In Summary
  • “Writing came to me in the late 1960’s when I was approached by representatives of Longman Publishers. They were looking for local talent. I wrote four books for them while I was still a teacher.”
  • It could be five pages or five paragraphs or five lines or just five words. It does not matter, but every single day, I have to put down something. And I am not about to stop.”
  • Publisher Lawrence Njagi, the managing director or Mountain Top Publishers, says that selling the 43 titles and closing Dhillon Publishers that ceased publishing in 2012 was the only option that Malkiat had.

Along Factory Street in Nairobi’s Industrial Area, near Landi Mawe, there sits a string of large buildings surrounded by a wall fence and automated gates.

From afar, they look like warehouses or factory buildings.

Once the gates are opened, a couple of guards, a chugging machine room, crates upon crates full of rims of paper and gallons of ink provide the welcome.

On the first floor of the building, a smiling secretary ushers visitors into a large, warm brown coloured office whose waiting area is furnished with black leather seats and a glass table and a thick lush carpet on the floor.

On one side of the room is a large round table with several leather seats around it. On the other side is a desk and a seat.

Its occupant is not yet in the room.

When he finally walks in, he does not quite look like what I expected.

You see, the man is Malkiat Singh. Yes, that one.

The man whose name is synonymous with 8-4-4, KCPE, KCSE and success cards.

His is a household name in schools and homes countrywide as he is the most prolific author and publisher of revision books for schools in the country.

Malkiat Singh’s revision books have been in numerous school bags over the past 43 years. And yes, he is a very financially successful author, ranking high up there with author Wallah bin Wallah.

Malkiat is not tall, yet one can’t call him short either. He is not loud when he talks, but then again, he is not soft spoken either.

He is calm, with a firm handshake. Grey hair, clear eyes. He calls for refreshments from his secretary.


Dressed in a brown pair of khaki trousers and a simple jungle green shirt, he is the opposite of what his name connotes.

With all his success as a publisher and author, why has he remained in the shadows of the city — down in Industrial area — when he could easily have moved to the city centre or some up market area?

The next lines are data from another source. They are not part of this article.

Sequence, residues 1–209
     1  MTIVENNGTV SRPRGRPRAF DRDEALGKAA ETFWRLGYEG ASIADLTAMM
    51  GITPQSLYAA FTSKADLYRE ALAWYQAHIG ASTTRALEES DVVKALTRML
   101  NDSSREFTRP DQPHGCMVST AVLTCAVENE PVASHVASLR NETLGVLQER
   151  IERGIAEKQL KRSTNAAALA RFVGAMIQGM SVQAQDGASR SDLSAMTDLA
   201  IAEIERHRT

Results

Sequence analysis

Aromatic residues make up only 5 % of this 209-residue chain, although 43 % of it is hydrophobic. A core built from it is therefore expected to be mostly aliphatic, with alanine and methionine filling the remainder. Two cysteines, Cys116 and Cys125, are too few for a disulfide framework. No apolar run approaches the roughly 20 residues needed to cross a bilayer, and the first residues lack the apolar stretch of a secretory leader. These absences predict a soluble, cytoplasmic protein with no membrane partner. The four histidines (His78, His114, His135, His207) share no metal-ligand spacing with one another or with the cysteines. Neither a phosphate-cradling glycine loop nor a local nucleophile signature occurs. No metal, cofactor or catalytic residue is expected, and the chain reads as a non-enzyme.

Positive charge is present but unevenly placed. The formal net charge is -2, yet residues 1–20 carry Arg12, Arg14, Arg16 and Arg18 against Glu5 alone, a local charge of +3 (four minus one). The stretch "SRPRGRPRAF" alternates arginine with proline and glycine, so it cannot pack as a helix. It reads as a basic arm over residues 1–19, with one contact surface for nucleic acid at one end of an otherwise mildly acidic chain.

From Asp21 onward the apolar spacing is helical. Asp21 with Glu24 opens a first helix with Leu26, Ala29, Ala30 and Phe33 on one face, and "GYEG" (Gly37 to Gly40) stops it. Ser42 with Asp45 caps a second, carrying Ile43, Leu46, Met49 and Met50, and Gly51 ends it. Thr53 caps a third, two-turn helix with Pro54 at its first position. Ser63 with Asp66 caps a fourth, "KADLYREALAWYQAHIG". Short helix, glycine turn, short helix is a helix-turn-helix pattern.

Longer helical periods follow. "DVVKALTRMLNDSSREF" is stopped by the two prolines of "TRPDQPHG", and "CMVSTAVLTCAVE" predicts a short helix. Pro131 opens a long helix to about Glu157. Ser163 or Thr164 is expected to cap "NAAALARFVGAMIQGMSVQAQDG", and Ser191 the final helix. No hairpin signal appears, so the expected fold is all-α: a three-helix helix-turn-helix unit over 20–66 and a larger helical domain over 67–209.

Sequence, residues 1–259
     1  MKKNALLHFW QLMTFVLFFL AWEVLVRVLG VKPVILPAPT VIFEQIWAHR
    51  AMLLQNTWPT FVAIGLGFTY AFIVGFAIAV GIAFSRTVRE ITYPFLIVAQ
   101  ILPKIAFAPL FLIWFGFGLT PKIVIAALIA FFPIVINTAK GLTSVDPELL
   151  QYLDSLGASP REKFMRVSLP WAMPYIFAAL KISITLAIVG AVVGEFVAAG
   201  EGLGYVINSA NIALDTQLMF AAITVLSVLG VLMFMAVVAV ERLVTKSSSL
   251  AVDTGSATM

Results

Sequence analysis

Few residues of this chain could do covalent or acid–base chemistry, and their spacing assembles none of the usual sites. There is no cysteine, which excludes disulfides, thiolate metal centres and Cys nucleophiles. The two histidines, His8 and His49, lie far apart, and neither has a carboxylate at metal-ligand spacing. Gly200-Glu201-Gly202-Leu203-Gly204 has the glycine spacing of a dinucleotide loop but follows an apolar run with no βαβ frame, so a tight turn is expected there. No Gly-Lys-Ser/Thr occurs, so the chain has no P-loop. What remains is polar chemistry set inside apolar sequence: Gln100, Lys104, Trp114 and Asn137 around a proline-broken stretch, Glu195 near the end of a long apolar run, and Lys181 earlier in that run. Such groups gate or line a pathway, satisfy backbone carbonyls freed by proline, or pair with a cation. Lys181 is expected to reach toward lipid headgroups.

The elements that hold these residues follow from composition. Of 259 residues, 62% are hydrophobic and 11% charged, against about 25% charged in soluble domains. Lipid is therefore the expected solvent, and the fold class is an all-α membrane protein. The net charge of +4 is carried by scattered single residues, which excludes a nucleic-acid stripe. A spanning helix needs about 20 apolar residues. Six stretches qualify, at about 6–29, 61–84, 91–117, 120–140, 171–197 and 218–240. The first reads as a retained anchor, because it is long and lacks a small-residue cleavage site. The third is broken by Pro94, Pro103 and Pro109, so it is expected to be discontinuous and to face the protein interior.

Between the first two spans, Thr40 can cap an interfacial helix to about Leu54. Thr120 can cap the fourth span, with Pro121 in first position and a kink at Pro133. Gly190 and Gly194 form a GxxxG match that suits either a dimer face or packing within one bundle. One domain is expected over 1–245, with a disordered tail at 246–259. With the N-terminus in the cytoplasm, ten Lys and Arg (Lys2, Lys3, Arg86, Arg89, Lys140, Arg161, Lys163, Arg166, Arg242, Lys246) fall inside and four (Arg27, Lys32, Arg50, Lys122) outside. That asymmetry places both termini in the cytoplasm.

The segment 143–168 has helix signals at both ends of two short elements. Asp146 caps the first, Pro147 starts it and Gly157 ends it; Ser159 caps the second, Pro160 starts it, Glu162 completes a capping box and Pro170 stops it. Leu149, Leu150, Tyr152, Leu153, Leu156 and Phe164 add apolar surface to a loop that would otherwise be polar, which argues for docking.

Does he have a family, anyone we should know of?

Above all, why did he decide to sell his 43 titles to Longhorn Publishers in August, yet his publishing firm was among the best performing in the country?

Could he be running out of ideas or has he just seen a new opportunity or maybe, just maybe, has he bought Longhorn Publishers in a backstage deal? Could that be it?

In 1938, at a farm in Burj village in Punjab, India, Malkiat Singh was born. School and farm work were the order of his life then.

On finishing high school, he moved to Punjab University to persue a Bachelor of Arts degree in English and Political Science. He graduated in 1958.

He married the same year at 20 years of age, jobless and straight out of university.

It sounds like the start of a movie with an unpredictable ending.

His wife, Mohinder Kaur, is a Kenyan of Indian origin. After the marriage, he left his homeland to move to Kenya with the wife. Since then, he only visits India occasionally.


“When I arrived, I wanted any job. I needed money to support my family. A relative of ours decided to apply for a teaching job on my behalf. He filled the forms and submitted them to Eastleigh Primary School. They invited me for an interview and got the job,” he says.

He taught at Eastleigh Primary School for a year and-a-half, then he was promoted to Nairobi Technical High School, which was essentially a secondary school.

There he taught History, English, Literature and Mathematics. With this background, one can understand how one man could write books on language, mathematics, history and civics.

Nostalgically, he goes back to the time when he started writing.

“Writing came to me in the late 1960’s when I was approached by representatives of Longman Publishers. They were looking for local talent. I wrote four books for them while I was still a teacher.”

He adds that in 1975, he left teaching to concentrate fully on writing. It is the only thing he has done since earning a place in schools and households and claiming a cornerstone in Kenya’s education system.

There is something purposeful about him. “I have to write something every day, except on Sunday.

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